My dentist will not even conduct a routine cleaning without my taking an antibiotic prior to the office visit. Infection at the roots of 14 teeth is apparent on x-rays. When I approached her on the subject of the SIBO and failed root canal connection, she sent me to receive ozone autohemotherapy, with the advice that the teeth be saved at any cost.

    You may guess the autohemotherapy did not work, as it is a blood transfusion, for which the blood cannot reach the dead area of the teeth. If we were to re-clean the roots of all these teeth, could the bacteria possibly all be eradicated within the miles of dentin tubules? Is there any possibility of overcoming the monstrous beast this bacteria has become within my body without removing the teeth?

    I feel I am down to two unsavory choices. Live with the toxic pathogens and the disease they wreak on my body or extract so many teeth that will certainly alter the quality of my life. At least the latter would BE a life; presently I am sliding down a slippery slope of losing hope for a disease-free one. Keeping the teeth “at any cost” is seemingly the cost of my life.

    What to do when so many teeth are involved?

    Thank you for any insight you may offer.

    • The ozone was very beneficial and helped to greatly reduce your pathogen burden. In order to get into all the dead tooth areas you would need to locate a properly trained ozone dentist. Ozone, being a gas, can indeed get into the dead tooth when injected properly into the surrounding gum tissues and possibly into the dead tooth itself with a number of weekly treatments. This would need to be discussed with the trained ozone dentist and not in a blog or on a web site.

  5. Poor lifestyle choices, such as smoking, overuse of alcohol, poor diet, lack of physical activity and inadequate relief of chronic stress are key contributors in the development and progression of preventable chronic diseases, including obesity, type 2 diabetes mellitus, hypertension, cardiovascular disease and several types of cancer. Even though doctors encourage healthful behaviors to help prevent or manage many chronic medical conditions, many patients are inadequately prepared to either start or maintain these appropriate, healthy changes. Most patients understand the reasoning behind a healthy lifestyle even if they don’t understand the disease processes that can occur when they don’t maintain healthy habits. This exactly is the root cause of chronic diseases.

  6. Carissa Cady says:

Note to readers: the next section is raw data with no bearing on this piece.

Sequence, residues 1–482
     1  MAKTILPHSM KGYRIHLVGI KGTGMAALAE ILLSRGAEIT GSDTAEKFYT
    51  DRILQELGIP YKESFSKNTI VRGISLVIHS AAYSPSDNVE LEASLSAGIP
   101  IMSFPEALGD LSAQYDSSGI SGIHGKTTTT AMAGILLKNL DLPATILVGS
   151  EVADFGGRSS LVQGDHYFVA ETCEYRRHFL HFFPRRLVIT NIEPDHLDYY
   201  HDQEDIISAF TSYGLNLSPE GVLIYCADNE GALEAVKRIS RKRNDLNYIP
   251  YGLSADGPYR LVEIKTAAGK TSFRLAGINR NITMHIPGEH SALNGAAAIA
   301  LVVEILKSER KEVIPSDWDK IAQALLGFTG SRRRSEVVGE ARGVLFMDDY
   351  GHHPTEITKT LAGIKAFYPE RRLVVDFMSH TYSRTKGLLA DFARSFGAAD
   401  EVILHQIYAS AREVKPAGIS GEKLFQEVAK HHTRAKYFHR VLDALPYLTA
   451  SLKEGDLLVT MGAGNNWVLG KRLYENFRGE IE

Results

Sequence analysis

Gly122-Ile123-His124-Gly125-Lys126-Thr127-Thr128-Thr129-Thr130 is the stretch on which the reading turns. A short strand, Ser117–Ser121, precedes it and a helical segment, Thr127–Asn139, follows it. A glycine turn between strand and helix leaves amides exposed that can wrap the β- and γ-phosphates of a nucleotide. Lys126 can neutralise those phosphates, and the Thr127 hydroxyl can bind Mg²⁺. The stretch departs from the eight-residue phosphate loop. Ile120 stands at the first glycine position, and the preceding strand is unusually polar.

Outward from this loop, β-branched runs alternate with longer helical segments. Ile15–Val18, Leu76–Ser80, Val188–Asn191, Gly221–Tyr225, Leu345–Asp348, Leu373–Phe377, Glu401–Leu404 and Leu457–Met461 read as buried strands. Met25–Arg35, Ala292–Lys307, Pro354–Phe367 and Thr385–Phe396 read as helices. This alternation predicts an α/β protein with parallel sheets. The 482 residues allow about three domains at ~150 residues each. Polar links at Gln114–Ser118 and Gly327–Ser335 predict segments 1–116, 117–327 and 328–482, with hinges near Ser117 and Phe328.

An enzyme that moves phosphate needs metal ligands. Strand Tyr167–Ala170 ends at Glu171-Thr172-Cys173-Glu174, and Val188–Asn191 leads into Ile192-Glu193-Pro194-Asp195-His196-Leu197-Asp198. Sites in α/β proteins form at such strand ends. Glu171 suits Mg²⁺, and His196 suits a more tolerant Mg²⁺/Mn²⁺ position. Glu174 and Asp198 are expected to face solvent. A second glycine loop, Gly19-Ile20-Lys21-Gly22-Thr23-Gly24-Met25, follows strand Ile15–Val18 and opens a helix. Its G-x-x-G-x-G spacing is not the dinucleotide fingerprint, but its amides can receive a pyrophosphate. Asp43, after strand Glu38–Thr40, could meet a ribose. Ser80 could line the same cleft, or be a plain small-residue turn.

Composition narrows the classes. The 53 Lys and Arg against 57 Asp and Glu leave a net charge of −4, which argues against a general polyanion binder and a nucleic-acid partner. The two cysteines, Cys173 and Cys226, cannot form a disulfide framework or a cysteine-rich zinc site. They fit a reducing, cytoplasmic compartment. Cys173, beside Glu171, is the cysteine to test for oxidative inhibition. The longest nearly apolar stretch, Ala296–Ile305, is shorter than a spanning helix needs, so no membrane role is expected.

Hi there, I just came across this site after desperately researching answers to my mom’s health issues. She had a root canal about 16 years ago, and has sometimes major health issues since then. We have been to several doctors and no one seems to be able to help her. Ever since the root canal, she has had fluid that drains from her mouth, rashes, white pustules in her mouth, and so many other issues. You wouldn’t have any doctor recommendations for someone who has treated a patient who has an auto immune disease as a result of a root canal?

  7. I was diagnosed with Hasimotos in July of 2014, I have been working with a functional dr on diet and nutrition my original TPO number dropped by 200 points in the first 90 days and then the next 90 days they were back up to where I started, and I feel my root canal could have something to do with it. I do not have any resources in my area for the proper dentist, is there any blood test that I could take that might indicate the root canal is causing me an issue? And I have recently cracked a tooth which they want to crown so what material is best for that.

    • We suggest you contact the International Academy of Oral Medicine & Toxicology (IAOMT). You may need a biocompatibility blood test for dental material. In addition you may wish to look at factors such as food allergies, chemical and environmental exposures, and wireless device inflammation.

  8. Question: When I was about 13 years old, I’m 39 now, I had a traumatic tooth injury, and it died. My dentist did a root canal. I had bleach pellets inserted into a hole (it was closed over with a material) in the back of the tooth for years, to prevent the grey color. About 7 years ago when pregnant with my first child, the gum line above the tooth became inflamed and red. As soon as I delivered, it went away. This did not happen during my second pregnancy. Although the tooth is dead, I can still “feel” an ache within sometimes. About 6 months ago, I was diagnosed with Hashimotos. I’m wondering if any of this might be related? The tooth is in the front, adjacent to my two front teeth, and had a crown put over out about 3 years ago. Thanks for any help or advice.